Apple chutney is like a chunky apple sauce with the warming flavors of curry, ginger, and cinnamon. It can be eaten warm or cold straight out of the refrigerator.
Use it as a dip with vegetable samosas. Serve it on a vegan holiday roast. Or add it as a topping on seitan sausages in a toasted bun. Vegan & gluten-free.
After our annual apple picking trip last month, I had a lot of Honeycrisp apples to use. Luckily, apples have a long shelf life.
First, I made a veggie quesadilla with apple slices, non-dairy smoked mozzarella cheese, and caramelized onions.
I also made multiple batches of apple chutney.
(In fact, I made so much of it, I had to go out and buy bagged Gala apples for today’s pictures!)
When I was a kid, and we had an excess of apples, my mom would often make applesauce. It’s great for apples that are starting to get a little wrinkled or even have some bad spots. You just peel them, cut off any bad parts, and use the rest.
Plus, since the apples shrink down in the cooking process, it’s a handy way to use a lot of apples.
This apple chutney is similar to apple sauce. However, it has more of a savory flavor and warming edge.
The diced apples are filled out with sautéed onions, fresh ginger, curry powder, cinnamon, agave syrup, and a dash of apple cider vinegar.
A lot of apple chutney recipes call for an excess of sugar or vinegar. I prefer my apple chutney to maintain a little of its tartness from the apples. I don’t want their inherent flavor to get overpowered by too much sugar or vinegar.
So I use just enough of both to heighten their flavors without dominating.
But apples can vary. So if yours are particularly sour, feel free to add more agave syrup to suit your tastes.
Cooking time can also vary, depending on how thickly you cut the apples.
For my first batch, I cut the apples on the chunkier side. The apples maintain a little more of their crunch that way, which I liked.
However, when I went to use the apple chutney as a topping on mini vegetable samosas, the apple pieces were just too big to easily stay on the samosas.
(The mini vegetable samosas are one of my favorite vegan Trader Joe’s products. By the way, they’re also great with zhoug sauce in the refrigerated section.)
So the next time, I cut the apple pieces much smaller. The smaller pieces worked a lot better for a samosa topping.
And the apple chutney cooked in just 12 to 15 minutes. Super fast!
You could easily cook your apple chutney while the samosas are cooking in the air fryer. Air fry the samosas for 7 to 8 minutes at 400 degrees, stopping once to flip half way through.
What do you eat with apple chutney?
- Use it as a dip with vegetable samosas.
- Put it alongside a vegan holiday roast.
- Use it as a topping on vegan sausage.
- Serve it with chana masala as a cooling side.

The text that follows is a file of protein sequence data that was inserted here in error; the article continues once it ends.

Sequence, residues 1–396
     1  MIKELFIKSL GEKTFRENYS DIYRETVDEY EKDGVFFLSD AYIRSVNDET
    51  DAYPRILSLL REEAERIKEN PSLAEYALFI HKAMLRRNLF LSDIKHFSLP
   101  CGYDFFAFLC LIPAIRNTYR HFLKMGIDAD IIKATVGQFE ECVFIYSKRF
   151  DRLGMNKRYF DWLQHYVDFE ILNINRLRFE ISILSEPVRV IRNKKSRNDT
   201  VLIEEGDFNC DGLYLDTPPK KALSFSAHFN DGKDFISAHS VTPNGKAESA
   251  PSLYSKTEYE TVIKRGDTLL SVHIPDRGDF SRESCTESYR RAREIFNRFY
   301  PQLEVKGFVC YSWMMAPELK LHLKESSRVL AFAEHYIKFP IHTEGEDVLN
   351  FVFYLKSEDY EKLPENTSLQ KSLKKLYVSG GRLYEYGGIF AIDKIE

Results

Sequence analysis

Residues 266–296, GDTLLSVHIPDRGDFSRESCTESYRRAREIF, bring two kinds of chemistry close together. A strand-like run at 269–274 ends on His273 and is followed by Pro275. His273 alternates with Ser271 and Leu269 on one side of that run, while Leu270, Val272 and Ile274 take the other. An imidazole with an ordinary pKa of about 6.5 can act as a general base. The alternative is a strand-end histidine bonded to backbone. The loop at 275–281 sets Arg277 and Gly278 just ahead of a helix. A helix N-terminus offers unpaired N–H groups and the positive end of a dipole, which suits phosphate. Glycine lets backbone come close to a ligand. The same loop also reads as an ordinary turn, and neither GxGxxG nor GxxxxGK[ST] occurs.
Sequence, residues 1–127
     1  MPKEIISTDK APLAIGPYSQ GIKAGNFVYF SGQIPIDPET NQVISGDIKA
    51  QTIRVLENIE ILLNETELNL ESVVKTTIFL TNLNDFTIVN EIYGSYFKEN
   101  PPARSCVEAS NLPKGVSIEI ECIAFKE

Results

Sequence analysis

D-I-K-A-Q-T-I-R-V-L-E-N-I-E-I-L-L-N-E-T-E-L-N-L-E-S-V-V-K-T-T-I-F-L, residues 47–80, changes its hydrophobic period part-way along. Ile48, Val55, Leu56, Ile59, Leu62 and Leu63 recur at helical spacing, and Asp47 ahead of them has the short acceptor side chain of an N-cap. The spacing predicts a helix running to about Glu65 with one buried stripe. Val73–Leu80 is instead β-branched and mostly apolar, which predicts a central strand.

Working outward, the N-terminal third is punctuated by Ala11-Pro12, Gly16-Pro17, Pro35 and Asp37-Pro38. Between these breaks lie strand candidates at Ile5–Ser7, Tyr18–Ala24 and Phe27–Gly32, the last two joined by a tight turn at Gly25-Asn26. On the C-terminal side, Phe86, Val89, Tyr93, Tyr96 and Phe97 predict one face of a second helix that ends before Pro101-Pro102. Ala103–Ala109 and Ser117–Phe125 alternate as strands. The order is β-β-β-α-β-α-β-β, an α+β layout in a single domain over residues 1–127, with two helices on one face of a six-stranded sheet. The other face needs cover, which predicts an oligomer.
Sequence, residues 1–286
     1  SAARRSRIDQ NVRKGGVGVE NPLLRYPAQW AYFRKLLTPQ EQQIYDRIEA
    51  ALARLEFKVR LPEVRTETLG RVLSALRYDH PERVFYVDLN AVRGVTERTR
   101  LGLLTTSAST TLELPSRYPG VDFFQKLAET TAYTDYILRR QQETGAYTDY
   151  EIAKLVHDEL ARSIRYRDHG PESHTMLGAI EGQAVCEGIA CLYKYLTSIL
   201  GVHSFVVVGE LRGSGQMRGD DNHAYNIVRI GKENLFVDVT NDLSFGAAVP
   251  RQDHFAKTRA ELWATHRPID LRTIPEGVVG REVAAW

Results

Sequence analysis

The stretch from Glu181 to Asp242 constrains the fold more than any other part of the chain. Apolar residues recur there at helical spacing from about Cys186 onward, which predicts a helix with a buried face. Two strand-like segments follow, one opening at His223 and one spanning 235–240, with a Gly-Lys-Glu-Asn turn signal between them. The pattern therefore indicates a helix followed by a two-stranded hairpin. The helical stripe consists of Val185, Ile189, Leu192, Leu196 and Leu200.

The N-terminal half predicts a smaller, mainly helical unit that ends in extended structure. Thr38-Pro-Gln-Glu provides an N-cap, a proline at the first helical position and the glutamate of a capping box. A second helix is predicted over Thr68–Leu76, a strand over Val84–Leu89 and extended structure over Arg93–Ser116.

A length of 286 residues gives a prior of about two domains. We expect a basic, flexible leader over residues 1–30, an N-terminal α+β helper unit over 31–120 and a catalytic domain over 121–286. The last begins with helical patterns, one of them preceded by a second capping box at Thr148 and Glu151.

- Serve it on a vegan cheese board.
Apple chutney goes nicely with a vegan holiday roast as a topping.
Apple chutney is a wonderful alternative or addition to orange cranberry sauce.
The apple chutney is pictured here with mashed potatoes, steamed broccoli, and browned slices of Field Roast celebration roast. But it would be terrific with any vegan holiday roast or turkey-style seitan.
(Last year I cooked my Trader Joe’s holiday roast at our Thanksgiving gathering in my air fryer, which I brought from home. So handy! You can get the details in this Thanksgiving leftovers sandwich post.)
Use apple chutney as a seitan sausage topping.
This apple chutney would also be a delicious topping on a vegan sausage, like Field Roast apple sage or Beyond Sausage on a toasted bun. So many options!
Serve apple chutney hot or cold.
Apple chutney keeps well in the refrigerator. In fact, the flavors improve over time as everything melds.
So this is a good one to make ahead of time if you’re planning a holiday get together.
What curry powder should I use for apple chutney?
Since curry powders are a blend of spices that vary from one to the next, I like to keep a variety of them in my spice cabinet.
(Curry powder is one of those things that I will often get as a souvenir on trips. Many spice stores have jars open that are available for sniffing. Your nose tends to be a good gauge on what will be a tasty curry powder.)
For this recipe I used S & B curry powder. It’s a mixture of turmeric, coriander, fenugreek, cumin, red pepper, black pepper, cinnamon, ginger, star anise, cloves, cardamom, fennel, nutmeg, laurel leaves, allspice, and garlic.
Penzey’s sweet curry powder would also be a good choice.
The main thing is, you don’t want anything too hot or overpowering. For this recipe, I like a curry powder with warming spices that let the apples take center stage.
How to make apple chutney
Start by peeling your apples and cutting them into small pieces.
Then sauté onions and ginger in oil until softened & fragrant.
(Pro tip: If you have lots of ginger root left over after this recipe, freeze it!)
Add apples, curry powder, cinnamon, apple cider vinegar, agave syrup, and salt to the pot.
Cover and cook for 12 to 15 minutes. (If your apple pieces are on the larger side, you may need to cook as long as 25 minutes.)
Uncover, stir, and let the chutney cook for a couple minutes more to cook off any excess liquid, if your apples are particularly juicy.
Then serve the apple chutney warm. Or move the chutney to a covered container and refrigerate.
Apple chutney with ginger
- Bring pot to a medium heat with oil. Saute onions and ginger a couple minutes, until softened and fragrant.
- Add apples, apple cider vinegar, agave syrup, cinnamon, curry powder, and salt to pot. Turn heat to low. Stir and cover for 12 to 15 minutes, until the apples have softened and are starting to break down a little.
- If there is excess liquid, take the lid off of the pot and allow the apple chutney to cook for a couple of minutes more.
- Remove from heat & serve right away. Or put the apple chutney in a covered container and move to the refrigerator.